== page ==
Chapter 7: Writing Abstracts

Defining Abstracts

A recent handbook on academic writing defines abstract as “a short form, or synopsis, of a larger text or project, describing work that is proposed, in development, or completed”[1]. This definition underscores the chronology of an abstract’s use – future work, current work, or finished products. These varied uses of an abstract contribute to its diverse forms because what is included in an abstract is heavily influenced by its intended function. Basically, a good abstract should have the following features: accurate, self-contained, concise and specific, non-evaluative, and coherent and readable (American Psychological Association, 2001).Other scholars have defined abstracts in other ways, including, but not limited to, the following:

  • a description or factual summary of the much longer report, and is meant to give the reader an exact and concise knowledge of the full article[2]
  • an abbreviated, accurate representation of the contents of a document[3]

Still others have noted what an abstract should contain, including descriptors such as accurate, concise, non-evaluative, coherent and readable[4]by categorizing them into sub-types[5] or functional purposes[6]. Categories of abstracts include:

  1. Informative (summary of an article)
  2. Indicative/descriptive (explains general information but usually excludes results)
  3. Structured (summary that uses headings for each section of the RA)

As the first type (informative abstract) is the most common form of abstract[7], and the one most closely associated with the topic of this book (research articles), we will focus our attention on this type. Nevertheless, it is important to point out that the third type (structured abstracts) could be a sub-classification for either the informative or indicative type. In other words, either type 1 or type 2 could be presented in a structured format.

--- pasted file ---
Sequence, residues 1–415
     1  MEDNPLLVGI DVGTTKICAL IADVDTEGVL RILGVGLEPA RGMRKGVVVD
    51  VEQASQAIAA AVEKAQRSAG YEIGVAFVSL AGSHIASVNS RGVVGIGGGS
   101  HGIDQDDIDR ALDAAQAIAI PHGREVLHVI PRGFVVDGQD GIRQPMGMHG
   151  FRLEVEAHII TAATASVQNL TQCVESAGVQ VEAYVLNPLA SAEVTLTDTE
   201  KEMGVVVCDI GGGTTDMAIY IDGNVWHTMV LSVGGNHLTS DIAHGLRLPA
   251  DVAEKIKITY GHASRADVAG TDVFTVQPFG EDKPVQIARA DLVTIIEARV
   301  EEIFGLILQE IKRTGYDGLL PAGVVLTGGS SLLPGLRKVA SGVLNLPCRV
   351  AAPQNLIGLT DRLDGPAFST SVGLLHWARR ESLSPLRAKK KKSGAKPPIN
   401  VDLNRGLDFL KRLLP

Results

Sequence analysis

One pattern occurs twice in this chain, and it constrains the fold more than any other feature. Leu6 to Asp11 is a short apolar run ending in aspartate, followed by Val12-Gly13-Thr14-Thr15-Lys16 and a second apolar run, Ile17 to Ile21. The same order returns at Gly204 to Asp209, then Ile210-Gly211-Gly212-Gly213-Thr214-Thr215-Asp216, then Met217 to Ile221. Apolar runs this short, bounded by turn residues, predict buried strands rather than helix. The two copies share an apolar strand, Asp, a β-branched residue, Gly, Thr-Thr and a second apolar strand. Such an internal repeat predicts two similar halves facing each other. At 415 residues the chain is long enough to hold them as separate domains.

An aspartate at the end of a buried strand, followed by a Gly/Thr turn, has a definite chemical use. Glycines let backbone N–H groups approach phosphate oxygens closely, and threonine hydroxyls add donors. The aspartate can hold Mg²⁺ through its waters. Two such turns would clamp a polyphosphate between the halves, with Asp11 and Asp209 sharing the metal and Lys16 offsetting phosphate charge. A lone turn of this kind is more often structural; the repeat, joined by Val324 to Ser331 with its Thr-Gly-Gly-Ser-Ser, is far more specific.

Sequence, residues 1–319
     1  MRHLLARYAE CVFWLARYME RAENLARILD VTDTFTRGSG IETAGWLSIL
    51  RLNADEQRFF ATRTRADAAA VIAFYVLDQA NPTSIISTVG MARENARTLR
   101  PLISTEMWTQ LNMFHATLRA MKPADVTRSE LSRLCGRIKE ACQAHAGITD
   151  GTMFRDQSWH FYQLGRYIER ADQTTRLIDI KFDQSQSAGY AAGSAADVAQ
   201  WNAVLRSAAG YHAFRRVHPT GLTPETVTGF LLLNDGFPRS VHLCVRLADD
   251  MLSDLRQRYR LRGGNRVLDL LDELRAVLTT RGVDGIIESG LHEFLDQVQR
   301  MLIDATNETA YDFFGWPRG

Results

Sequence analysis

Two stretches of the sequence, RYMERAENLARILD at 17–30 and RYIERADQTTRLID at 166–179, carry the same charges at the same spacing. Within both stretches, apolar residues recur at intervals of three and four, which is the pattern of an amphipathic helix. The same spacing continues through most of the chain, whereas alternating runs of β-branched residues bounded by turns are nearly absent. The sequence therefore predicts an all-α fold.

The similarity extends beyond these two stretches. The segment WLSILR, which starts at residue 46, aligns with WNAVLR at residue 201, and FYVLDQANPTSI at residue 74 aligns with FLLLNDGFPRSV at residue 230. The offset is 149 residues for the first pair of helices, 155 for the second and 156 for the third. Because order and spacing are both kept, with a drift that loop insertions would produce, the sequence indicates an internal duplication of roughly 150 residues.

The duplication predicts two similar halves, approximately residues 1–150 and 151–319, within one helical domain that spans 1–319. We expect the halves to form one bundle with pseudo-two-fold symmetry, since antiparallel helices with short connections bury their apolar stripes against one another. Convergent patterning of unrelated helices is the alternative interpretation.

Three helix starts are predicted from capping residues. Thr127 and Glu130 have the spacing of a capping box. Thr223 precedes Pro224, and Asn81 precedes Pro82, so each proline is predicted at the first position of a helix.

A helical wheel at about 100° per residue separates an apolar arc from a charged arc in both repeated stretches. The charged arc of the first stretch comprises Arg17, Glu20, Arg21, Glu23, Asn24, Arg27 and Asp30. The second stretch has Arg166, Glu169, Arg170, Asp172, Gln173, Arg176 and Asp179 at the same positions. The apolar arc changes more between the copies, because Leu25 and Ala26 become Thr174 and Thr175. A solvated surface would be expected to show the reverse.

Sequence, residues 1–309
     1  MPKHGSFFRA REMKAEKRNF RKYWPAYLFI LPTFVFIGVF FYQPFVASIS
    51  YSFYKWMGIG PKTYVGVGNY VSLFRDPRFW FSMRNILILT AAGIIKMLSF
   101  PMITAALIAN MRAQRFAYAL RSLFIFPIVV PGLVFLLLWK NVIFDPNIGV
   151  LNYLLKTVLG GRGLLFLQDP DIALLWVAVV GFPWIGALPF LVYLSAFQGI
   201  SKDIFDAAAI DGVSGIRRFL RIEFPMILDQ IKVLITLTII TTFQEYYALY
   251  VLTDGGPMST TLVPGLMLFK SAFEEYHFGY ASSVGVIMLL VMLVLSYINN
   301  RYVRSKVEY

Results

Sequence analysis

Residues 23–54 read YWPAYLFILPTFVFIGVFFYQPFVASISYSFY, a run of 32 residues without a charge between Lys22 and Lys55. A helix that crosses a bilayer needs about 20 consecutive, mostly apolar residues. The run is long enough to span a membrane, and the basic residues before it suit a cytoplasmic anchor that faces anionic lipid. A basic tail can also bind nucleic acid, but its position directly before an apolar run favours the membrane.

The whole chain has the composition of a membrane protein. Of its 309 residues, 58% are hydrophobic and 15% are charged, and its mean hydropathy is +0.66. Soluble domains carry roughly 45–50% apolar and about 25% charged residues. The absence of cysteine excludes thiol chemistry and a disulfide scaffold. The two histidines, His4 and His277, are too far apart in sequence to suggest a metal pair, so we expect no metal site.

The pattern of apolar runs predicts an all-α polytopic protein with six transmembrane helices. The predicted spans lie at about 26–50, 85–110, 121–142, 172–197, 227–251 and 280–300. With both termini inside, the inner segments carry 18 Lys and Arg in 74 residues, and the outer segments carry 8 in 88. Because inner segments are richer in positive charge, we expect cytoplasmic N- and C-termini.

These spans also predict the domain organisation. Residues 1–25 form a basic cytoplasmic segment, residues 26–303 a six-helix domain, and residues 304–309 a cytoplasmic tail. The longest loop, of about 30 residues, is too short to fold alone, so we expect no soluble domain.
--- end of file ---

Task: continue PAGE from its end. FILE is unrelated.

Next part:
So, now that we have narrowed down the type of abstract that we are referring to, let’s examine the purpose of that type. In their seminal book on academic writing, Swales and Feak (2009) note two major functions of this particular kind of abstract:

  • Previewing or summarizing academic work
  • Proposing academic work

That work may be a research article, a thesis or dissertation, a conference presentation, or a chapter of a book. In order to determine what is included in your abstract, you’ll need to first answer some wh-questions:

  • Who is the audience for the abstract and what is their level of expertise on the topic or within the discipline?
  • Why was the research undertaken (e.g., what is the motivation/justification for the study)?
  • What are the research questions or hypotheses?
  • What methods were used?
  • What were the general findings/conclusions?
  • What are the implications for the subject matter or field?
  • Where will the abstract be published?
  • How should the abstract be formatted?

A successful abstract answers these questions as a way of becoming a stand-alone document [8] .

Now that we’ve explored the basic definition of an abstract and explained what it contains, we’ll divide our discussion into two parts:

  1.  Functions of an abstract (examining the purposes and goals for writing one); and
  2. Forms of an abstract (emphasizing the various language issues that might arise as you’re writing).

  1. Curry, M. J., He, F., Weijia, L., Zhang, T., Zuo, Y., Altalouli, M., and Ayesh, J. (2021). An A to W of Academic Literacy: Key Concepts and Practices for Graduate Students.  Ann Arbor: University of Michigan Press.
  2. Bhatia, V. K. (1993). Analyzing genre: Language use in professional settings. London: Longman.
  3. ANSI. (1979). The American standard for writing abstracts. New York: ANSI Publication.
  4. American Psychological Association. (2010). Publication manual of the American psychological association (6th ed.). https://www.
  5. Gladon, R. J., Graves, W. R., & Kelly, J. M. (2011). Getting published in the life sciences. John Wiley & Sons.
  6. Swales, J. M., & Feak, C. B. (2004). Academic writing for graduate students: Essential tasks and skills (Vol. 1). Ann Arbor, MI: University of Michigan Press.
  7. Gladon, R. J., Graves, W. R., & Kelly, J. M. (2011). Getting published in the life sciences. John Wiley & Sons.
  8. Gladon, R. J., Graves, W. R., & Kelly, J. M. (2011). Getting published in the life sciences. John Wiley & Sons.


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